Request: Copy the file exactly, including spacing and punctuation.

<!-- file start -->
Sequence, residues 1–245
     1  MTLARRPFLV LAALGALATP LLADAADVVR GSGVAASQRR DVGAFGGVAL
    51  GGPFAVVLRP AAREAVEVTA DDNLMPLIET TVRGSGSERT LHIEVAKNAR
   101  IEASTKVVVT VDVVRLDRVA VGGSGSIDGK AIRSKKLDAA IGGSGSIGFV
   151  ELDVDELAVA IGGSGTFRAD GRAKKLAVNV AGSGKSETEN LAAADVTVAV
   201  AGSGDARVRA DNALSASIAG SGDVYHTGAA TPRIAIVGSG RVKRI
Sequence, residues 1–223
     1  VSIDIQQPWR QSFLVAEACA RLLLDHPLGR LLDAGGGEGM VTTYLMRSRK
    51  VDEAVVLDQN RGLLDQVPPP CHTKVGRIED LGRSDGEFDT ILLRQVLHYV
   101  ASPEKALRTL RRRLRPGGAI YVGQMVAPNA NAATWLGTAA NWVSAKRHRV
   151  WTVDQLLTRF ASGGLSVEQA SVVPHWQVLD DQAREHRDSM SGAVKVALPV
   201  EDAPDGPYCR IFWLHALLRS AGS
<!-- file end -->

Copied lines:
Sequence, residues 1–245
     1  MTLARRPFLV LAALGALATP LLADAADVVR GSGVAASQRR DVGAFGGVAL
    51  GGPFAVVLRP AAREAVEVTA DDNLMPLIET TVRGSGSERT LHIEVAKNAR
   101  IEASTKVVVT VDVVRLDRVA VGGSGSIDGK AIRSKKLDAA IGGSGSIGFV
   151  ELDVDELAVA IGGSGTFRAD GRAKKLAVNV AGSGKSETEN LAAADVTVAV
   201  AGSGDARVRA DNALSASIAG SGDVYHTGAA TPRIAIVGSG RVKRI
Sequence, residues 1–223
     1  VSIDIQQPWR QSFLVAEACA RLLLDHPLGR LLDAGGGEGM VTTYLMRSRK
    51  VDEAVVLDQN RGLLDQVPPP CHTKVGRIED LGRSDGEFDT ILLRQVLHYV
   101  ASPEKALRTL RRRLRPGGAI YVGQMVAPNA NAATWLGTAA NWVSAKRHRV
   151  WTVDQLLTRF ASGGLSVEQA SVVPHWQVLD DQAREHRDSM SGAVKVALPV
   201  EDAPDGPYCR IFWLHALLRS AGS